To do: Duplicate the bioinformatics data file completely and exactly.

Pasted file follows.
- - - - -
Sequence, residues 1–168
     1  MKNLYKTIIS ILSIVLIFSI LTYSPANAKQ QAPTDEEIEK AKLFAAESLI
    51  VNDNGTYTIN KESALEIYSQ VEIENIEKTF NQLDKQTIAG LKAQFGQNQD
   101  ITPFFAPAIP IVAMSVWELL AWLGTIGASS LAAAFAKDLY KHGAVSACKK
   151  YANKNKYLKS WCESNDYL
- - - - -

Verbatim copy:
Sequence, residues 1–168
     1  MKNLYKTIIS ILSIVLIFSI LTYSPANAKQ QAPTDEEIEK AKLFAAESLI
    51  VNDNGTYTIN KESALEIYSQ VEIENIEKTF NQLDKQTIAG LKAQFGQNQD
   101  ITPFFAPAIP IVAMSVWELL AWLGTIGASS LAAAFAKDLY KHGAVSACKK
   151  YANKNKYLKS WCESNDYL